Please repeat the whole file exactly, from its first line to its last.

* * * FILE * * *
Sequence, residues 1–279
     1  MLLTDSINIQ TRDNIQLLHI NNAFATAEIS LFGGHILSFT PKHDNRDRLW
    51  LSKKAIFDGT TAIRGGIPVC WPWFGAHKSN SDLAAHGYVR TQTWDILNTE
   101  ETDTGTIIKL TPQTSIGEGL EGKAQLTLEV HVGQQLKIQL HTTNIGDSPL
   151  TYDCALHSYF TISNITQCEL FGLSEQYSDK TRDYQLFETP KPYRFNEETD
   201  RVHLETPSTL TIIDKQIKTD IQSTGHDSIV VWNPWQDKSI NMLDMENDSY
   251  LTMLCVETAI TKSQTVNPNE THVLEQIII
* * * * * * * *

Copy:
Sequence, residues 1–279
     1  MLLTDSINIQ TRDNIQLLHI NNAFATAEIS LFGGHILSFT PKHDNRDRLW
    51  LSKKAIFDGT TAIRGGIPVC WPWFGAHKSN SDLAAHGYVR TQTWDILNTE
   101  ETDTGTIIKL TPQTSIGEGL EGKAQLTLEV HVGQQLKIQL HTTNIGDSPL
   151  TYDCALHSYF TISNITQCEL FGLSEQYSDK TRDYQLFETP KPYRFNEETD
   201  RVHLETPSTL TIIDKQIKTD IQSTGHDSIV VWNPWQDKSI NMLDMENDSY
   251  LTMLCVETAI TKSQTVNPNE THVLEQIII